A simple variant on the classic Aviation, using Hayman’s Old Tom gin. I chose the Hayman’s because I have a problem with the Aviation; I think it’s just a touch out of balance on my palate, with the lemon juice so heavy and the sweetening agents so light. (However, I know that if you bump up the maraschino and violet liqueur, you’re going to get a drink that’s just nasty.) Hayman’s is only mildly sweet, as far as Old Toms go, apparently, so I thought I’d try it. I like it.



  • 2 ounces Hayman’s Old Tom gin
  • 3/4 ounce fresh-squeezed lemon juice
  • 2 teaspoons maraschino liqueur
  • 1 teaspoon crème de violette

Shake over ice. Strain into a chilled cocktail glass; garnish with a lemon twist.


Bottom’s Up!

BaroqueWell, I apparently paid way too much for it, having embroiled myself in a bidding war on eBay and being too stubborn to back out, but I finally have a copy of Ted Saucier’s saucy 1951 cocktail book, Bottom’s Up! For those of you who don’t know the book, it’s a hefty thing, at a pound and a half, 270 pages, and a trim size of 10.25 by 7 inches. (Yes, I’ve worked in publishing, why do you ask?)

I mention the book’s (ahem) ample nature to point out that it’s a serious volume, with a lot of recipes and a bunch of really good ones, to boot. One thing I love most, though, is the index. Arranged, in part, by main ingredient, it’s very handy. Want a gin drink? Find the Gin subheading and eat your heart out. It is, unfortunately, not cross-referenced, so if a recipe has, say, gin and rum, but rum is the main ingredient, you won’t find it under Gin.

“Whazzawha? Recipe with gin and rum?” you sez? Well, yes. And it’s a good drink. Well balanced, with the rum and gin complementing each other rather than fighting. Saucier terms this drink the Baroque, but given the political season in the USA, I’m calling this, rather obviously, the Baroque Obama, although it’s the same recipe as appears in Saucier (although I’m converting his 1 part lime, 2 parts rum, etc. into ounces).

Baroque Obama

Courtesy, The Baroque Restaurant, New York City

  • 1 part [3/4 oz.] fresh lime juice
  • 1/2 t. sugar
  • 2 parts [1-1/2 oz.] Jamaican rum
  • 1 part [3/4 oz.] gin
  • 1 dash maraschino

Technique: Shake lime juice and sugar well. Add rum and gin [and ice]. Shake well and serve in iced glass. [As you can see from the picture, I served ours up, in a cocktail glass.] Float maraschino. [No garnish.]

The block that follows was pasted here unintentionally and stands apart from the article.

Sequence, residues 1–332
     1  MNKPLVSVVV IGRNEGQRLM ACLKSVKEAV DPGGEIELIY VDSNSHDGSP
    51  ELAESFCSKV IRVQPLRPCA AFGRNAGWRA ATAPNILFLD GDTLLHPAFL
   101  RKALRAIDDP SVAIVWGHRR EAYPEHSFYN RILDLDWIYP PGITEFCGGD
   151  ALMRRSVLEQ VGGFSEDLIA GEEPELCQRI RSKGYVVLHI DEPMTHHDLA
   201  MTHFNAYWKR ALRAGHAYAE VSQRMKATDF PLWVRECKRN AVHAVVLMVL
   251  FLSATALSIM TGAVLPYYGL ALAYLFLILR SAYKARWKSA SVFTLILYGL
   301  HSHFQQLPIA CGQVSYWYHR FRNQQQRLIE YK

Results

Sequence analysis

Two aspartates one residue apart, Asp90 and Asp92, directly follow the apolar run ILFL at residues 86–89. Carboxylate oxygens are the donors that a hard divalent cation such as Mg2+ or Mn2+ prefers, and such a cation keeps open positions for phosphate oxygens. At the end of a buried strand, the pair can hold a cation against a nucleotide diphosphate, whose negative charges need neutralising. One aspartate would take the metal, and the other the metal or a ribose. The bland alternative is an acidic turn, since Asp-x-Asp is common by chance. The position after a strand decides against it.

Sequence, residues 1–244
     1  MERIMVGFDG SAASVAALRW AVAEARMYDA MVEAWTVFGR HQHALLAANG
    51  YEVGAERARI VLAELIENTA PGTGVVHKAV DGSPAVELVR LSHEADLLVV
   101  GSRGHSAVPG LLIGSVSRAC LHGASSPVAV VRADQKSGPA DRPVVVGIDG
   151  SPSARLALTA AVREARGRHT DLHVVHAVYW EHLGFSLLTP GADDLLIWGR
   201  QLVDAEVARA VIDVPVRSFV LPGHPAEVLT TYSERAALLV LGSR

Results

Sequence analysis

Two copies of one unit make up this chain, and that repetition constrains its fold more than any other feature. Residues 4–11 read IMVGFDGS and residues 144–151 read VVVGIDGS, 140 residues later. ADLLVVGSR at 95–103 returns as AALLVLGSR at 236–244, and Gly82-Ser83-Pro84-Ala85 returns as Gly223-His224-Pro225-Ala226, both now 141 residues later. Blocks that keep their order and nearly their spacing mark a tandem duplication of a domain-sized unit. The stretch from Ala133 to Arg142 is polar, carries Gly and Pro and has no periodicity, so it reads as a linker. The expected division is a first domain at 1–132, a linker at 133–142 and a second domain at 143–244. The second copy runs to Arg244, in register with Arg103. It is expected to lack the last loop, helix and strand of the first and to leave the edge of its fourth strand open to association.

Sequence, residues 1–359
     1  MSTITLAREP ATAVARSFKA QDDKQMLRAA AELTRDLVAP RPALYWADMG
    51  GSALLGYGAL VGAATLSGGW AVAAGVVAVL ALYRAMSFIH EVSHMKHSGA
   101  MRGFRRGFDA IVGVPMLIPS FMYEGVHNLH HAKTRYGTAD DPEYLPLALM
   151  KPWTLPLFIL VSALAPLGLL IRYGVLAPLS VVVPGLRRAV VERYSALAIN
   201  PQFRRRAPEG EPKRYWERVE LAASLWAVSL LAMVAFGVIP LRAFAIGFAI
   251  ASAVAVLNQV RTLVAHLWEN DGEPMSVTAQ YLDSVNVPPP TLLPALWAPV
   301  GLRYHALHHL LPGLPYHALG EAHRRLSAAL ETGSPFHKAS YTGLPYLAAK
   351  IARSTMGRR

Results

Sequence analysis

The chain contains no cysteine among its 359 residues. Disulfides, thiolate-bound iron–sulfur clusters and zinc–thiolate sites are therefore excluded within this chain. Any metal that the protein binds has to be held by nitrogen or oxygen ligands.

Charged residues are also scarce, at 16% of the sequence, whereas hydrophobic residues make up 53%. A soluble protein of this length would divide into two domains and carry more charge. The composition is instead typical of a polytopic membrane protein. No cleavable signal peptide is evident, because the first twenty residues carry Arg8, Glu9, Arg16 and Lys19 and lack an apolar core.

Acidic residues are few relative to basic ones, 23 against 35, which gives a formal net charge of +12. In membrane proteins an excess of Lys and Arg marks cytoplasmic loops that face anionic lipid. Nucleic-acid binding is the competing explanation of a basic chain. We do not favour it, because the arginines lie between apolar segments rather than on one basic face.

I’ve learned very little about Ted Saucier. It appears he was once the publicist for the Waldorf-Astoria hotel in Manhattan, and he lived from 1896 to 1970, but beyond that, I’ve learned nothing.

Except that I shouldn’t get excited and overbid on a cocktail book.

OH, I almost forgot! There’s another reason Saucier’s book is so well-loved. I’ll share that tomorrow.

Did I do something wrong?

I thought I’d fix up a couple of Prince of Wales cocktails tonight, a fizzy drink for a fizzy evening. I followed Wondrich’s recipe to the letter, using bonded Rittenhouse for the rye. My pineapple was a couple squares of thawed frozen pineapple from Whole Foods. Maybe it’s the pineapple, but…

I don’t get it. This drink just doesn’t hit it for me.

If we all liked the same things, it would be a very boring world.

Happy New Year!

MxMo 21: Gin

mxmo ginSo, Mixology Monday hits 21 this month; instead of carrying us drunks on its own dry back, it can finally step up to the bar its own damn self and order a tipple. Don’t let us down MxMo. If you’re gonna be all about the Jager shots, I just don’t know….

Tip of the hat to Jay for hosting this month and choosing the theme.

For my part, this became another MxMo post from the Department of Fall-Back-and-Punt.

I just finished mixographer David Wondrich’s book, Imbibe!, and I found a great drink idea in there–one that combines ingredients I’ve never mixed before. I was excited to try it, but I was missing a key ingredient, Plymouth gin. Unfortunately, the liquor stores near my office were out of Plymouth and the less I can say about the liquor stores by my apartment, the better. I’ll just mention the words “bulletproof” and “partition” and let you work out the rest.

“Bushwick,” he said with a shrug, “whattaya gonna do?”

My instinct told me that my gin on hand, Tanqueray, probably wouldn’t work well in the cocktail I had in mind, so I came home to consult my cocktail books and find a Plan B. I’ve made a lot of gin recipes over the last couple of years and wanted something new.